One day after Indiana Republicans handed Lugar his walking papers, an outfit called the Atlantic Council held a forum to promote the discredited Law of the Sea Treaty. As former Republican U.S. Sens. Chuck Hagel and John Warner beamed their approval, Obama's Secretary of Defense Leon Panetta declared that "the time has come" for the Senate to ratify the treaty.
Hagel, Warner and Lugar share an internationalist mindset. All three senators supported "comprehensive immigration reform" (aka amnesty) bills that failed to pass Congress in 2006 and 2007. In support of LOST, they are joined by former Republican Sen. Trent Lott, now a high-priced lobbyist who no longer answers to his former Mississippi constituents.
Americans today are in no mood for subordinating U.S. sovereignty, plus seven-tenths of the world's surface area, to another entangling global bureaucracy, so advocates are using Orwellian talking points to pretend that LOST would do the opposite. Panetta's statement is over the top: "Not since we acquired the lands of the American West and Alaska have we had such an opportunity to expand U.S. sovereignty."
The coalition for ratification includes three groups whose interests are rarely on the same side: the U.S. Navy, the big multinational oil companies led by Shell, and the radical environmentalist lawyers. That peculiar alliance should make you suspicious.
The Navy says we need LOST to preserve our freedom of transit in dangerous waters, such as the Strait of Hormuz, which Iran has threatened to block and the South China Sea, where China wants to be the dominant naval power. Panetta said, "How can we argue that other nations must abide by international rules when we haven't officially accepted those rules?"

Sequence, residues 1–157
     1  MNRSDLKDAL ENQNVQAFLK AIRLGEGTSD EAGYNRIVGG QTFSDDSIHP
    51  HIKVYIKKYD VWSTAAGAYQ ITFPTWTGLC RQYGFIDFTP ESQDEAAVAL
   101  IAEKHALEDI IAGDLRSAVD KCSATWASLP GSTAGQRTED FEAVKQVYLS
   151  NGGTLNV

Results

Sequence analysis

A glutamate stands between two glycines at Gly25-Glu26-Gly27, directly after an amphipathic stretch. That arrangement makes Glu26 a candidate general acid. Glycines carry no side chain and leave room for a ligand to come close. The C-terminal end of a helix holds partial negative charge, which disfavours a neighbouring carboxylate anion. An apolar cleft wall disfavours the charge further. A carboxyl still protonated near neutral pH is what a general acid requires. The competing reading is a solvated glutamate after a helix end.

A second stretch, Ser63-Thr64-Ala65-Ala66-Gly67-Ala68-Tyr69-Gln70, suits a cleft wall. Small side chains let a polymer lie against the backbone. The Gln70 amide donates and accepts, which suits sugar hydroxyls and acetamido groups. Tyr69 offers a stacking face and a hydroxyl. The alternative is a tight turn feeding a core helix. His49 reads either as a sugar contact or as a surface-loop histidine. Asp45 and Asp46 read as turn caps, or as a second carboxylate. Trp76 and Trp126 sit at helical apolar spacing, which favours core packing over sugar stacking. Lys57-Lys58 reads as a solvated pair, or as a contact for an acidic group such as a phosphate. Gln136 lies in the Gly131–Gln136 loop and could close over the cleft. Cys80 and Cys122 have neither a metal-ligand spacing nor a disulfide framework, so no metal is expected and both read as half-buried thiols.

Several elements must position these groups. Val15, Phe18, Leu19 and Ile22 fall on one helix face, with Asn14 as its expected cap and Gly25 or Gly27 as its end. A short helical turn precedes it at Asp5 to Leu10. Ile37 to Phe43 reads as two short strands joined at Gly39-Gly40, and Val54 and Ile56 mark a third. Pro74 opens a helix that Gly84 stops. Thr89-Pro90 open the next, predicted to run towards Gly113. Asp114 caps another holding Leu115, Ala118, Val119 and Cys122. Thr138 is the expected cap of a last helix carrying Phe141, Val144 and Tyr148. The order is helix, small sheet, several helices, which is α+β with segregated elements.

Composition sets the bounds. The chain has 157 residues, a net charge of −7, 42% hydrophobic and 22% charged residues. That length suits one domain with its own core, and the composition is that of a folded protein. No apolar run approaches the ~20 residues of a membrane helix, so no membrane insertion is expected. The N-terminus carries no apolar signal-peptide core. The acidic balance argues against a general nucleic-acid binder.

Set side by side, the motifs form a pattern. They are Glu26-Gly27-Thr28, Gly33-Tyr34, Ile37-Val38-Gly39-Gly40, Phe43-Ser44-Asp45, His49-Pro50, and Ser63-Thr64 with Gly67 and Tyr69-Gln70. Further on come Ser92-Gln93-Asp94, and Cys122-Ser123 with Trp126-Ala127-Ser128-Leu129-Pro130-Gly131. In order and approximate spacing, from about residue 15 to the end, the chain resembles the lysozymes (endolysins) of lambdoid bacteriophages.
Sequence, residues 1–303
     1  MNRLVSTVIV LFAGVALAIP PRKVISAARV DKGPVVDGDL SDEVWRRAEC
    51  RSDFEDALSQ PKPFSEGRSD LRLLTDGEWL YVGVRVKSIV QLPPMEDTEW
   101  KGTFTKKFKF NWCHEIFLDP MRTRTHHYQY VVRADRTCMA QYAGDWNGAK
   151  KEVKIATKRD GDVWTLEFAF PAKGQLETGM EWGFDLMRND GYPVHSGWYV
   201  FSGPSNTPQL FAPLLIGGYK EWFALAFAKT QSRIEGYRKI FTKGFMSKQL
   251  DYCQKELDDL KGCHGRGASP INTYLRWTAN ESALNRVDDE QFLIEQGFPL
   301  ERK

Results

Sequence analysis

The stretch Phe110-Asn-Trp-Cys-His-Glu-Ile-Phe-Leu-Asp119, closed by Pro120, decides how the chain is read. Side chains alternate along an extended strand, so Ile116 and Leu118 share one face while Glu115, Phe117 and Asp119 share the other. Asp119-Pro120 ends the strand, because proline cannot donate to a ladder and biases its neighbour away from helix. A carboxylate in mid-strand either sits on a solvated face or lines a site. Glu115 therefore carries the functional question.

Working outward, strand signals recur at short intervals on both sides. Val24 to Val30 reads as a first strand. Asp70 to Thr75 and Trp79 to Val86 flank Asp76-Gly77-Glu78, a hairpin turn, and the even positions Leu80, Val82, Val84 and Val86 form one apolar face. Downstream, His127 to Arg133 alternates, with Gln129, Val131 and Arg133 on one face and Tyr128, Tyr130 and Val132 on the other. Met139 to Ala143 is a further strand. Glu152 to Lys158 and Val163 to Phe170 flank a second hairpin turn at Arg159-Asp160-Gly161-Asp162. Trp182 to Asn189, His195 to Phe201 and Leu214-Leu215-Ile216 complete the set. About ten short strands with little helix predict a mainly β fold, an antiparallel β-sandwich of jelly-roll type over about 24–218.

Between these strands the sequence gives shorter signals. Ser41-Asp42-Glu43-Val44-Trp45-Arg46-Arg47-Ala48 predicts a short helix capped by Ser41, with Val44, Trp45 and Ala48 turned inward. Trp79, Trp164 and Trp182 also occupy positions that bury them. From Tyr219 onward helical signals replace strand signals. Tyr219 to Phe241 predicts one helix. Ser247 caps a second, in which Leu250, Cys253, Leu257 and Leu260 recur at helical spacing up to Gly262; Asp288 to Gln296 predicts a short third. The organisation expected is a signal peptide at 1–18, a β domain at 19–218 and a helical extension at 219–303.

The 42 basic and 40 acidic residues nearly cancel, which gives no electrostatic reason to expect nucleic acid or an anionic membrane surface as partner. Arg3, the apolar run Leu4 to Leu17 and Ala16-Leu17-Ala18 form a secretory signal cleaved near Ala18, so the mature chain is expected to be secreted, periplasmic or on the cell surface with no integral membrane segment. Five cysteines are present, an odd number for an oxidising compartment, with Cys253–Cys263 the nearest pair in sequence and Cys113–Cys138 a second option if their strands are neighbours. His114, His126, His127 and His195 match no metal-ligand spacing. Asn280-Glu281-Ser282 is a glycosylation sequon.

In fact, freedom of navigation is recognized by centuries of international law, effectively policed by the British Navy for 400 years and by our U.S. Navy since 1775. The United Nations has no navy of its own, so American sailors will still be expected to protect the world's sea lanes and punish piracy.
Big oil supports LOST because of its provision to extend jurisdiction over the continental shelf beyond the current 200-mile limit. But LOST would require a royalty of 1 to 7 percent on the value of oil and minerals produced from those waters to be paid to the International Seabed Authority based in Kingston, Jamaica.
Phyllis Schlafly is a national leader of the pro-family movement, a nationally syndicated columnist and author of Feminist Fantasies.
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